I wasn’t sure whether I was going to write this piece up to be part of my portfolio. It’s hard to produce political stuff like this as I worry it can come across as cliche. However, on a cold November evening, the seeds of dissent were sewn in my mind and Operation Peace Take was conceived.
I love how my ideas manifest themselves. Small snippets of information about the remembrance commemorations had been steadily seeping into my subconscious, but it was actually a football story that got the proverbial ball rolling. Some footballer was being castigated about not wanting to wear a red poppy because he was Irish and felt that to commemorate what he saw as an occupying force was wrong. This news story resonated with me and made me remember that the red poppy wasn’t solely about the great war, that there existed a white poppy which represented an opposition to war and a commitment to peace as a core cultural value.
The red poppy is traditionally seen as an emblem of Remembrance Day, their red colour symbolising blood spilled in the first world war. Yet, in the years that have followed, it has come to symbolise a broader remembrance of all armed forces personnel who have laid down their lives in service to their country. By excluding the non-military victims of war from remembrance, the red poppy upholds a moral hierarchy of worthy and unworthy victims. The heroic soldier who is worthy of respect, official commemoration and national pride, and the unworthy, unnamed civilian killed or maimed by the heroic soldier who remains faceless, unacknowledged and unremembered.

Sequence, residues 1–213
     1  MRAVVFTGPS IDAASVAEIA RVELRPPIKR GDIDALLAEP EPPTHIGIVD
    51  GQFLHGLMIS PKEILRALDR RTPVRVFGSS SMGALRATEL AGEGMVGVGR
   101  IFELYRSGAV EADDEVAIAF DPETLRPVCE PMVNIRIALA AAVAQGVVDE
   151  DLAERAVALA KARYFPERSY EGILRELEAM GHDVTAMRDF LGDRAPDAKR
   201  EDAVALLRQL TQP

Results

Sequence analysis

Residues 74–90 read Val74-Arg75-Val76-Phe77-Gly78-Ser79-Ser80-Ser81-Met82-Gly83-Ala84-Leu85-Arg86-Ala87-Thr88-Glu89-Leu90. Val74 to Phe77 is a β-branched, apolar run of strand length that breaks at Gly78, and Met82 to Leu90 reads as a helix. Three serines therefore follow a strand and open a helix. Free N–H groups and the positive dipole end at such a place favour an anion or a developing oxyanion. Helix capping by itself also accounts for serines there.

The red poppy is intimately tied up with a series of myths about heroic sacrifice and necessary violence perpetuated by a monopolized media led sensationalism that fuels a naive and ignorant patriotism. The truth is that war is vicious , bloody, inglorious, and that the soldiers we remember are there to kill and maim fellow human beings. The truth is that many of our wars are nothing to do with freedom, liberty, or democracy. They are often illegal, and predatory in their conquest of resources, lobbied by corporations with a vested interest in the perpetuation of a continual state of war for profit. The images of politicians, and the royal family laying wreaths at the cenotaph to commemorate the slaughter of millions of people, used as fodder to maintain the class privileges which they enjoy, is truly an act of shameful hypocrisy!
People from all over the world had been travelling to London to see the tower poppies exhibition, where ceramic poppies were used to fill the moat of the tower of London to represent our glorious dead from the ‘great’ war. So, with all this simmering away in my mind, I decided to plant a few huge white poppies at this now world famous tourist attraction. I was cautious about how I was going to tackle this because it was imperative I didn’t portray myself as disrespectful. This protest was out of a greater respect for all victims of conflict, whilst denouncing the current climate of militaristic values that celebrate a history that ought to be a source of shame.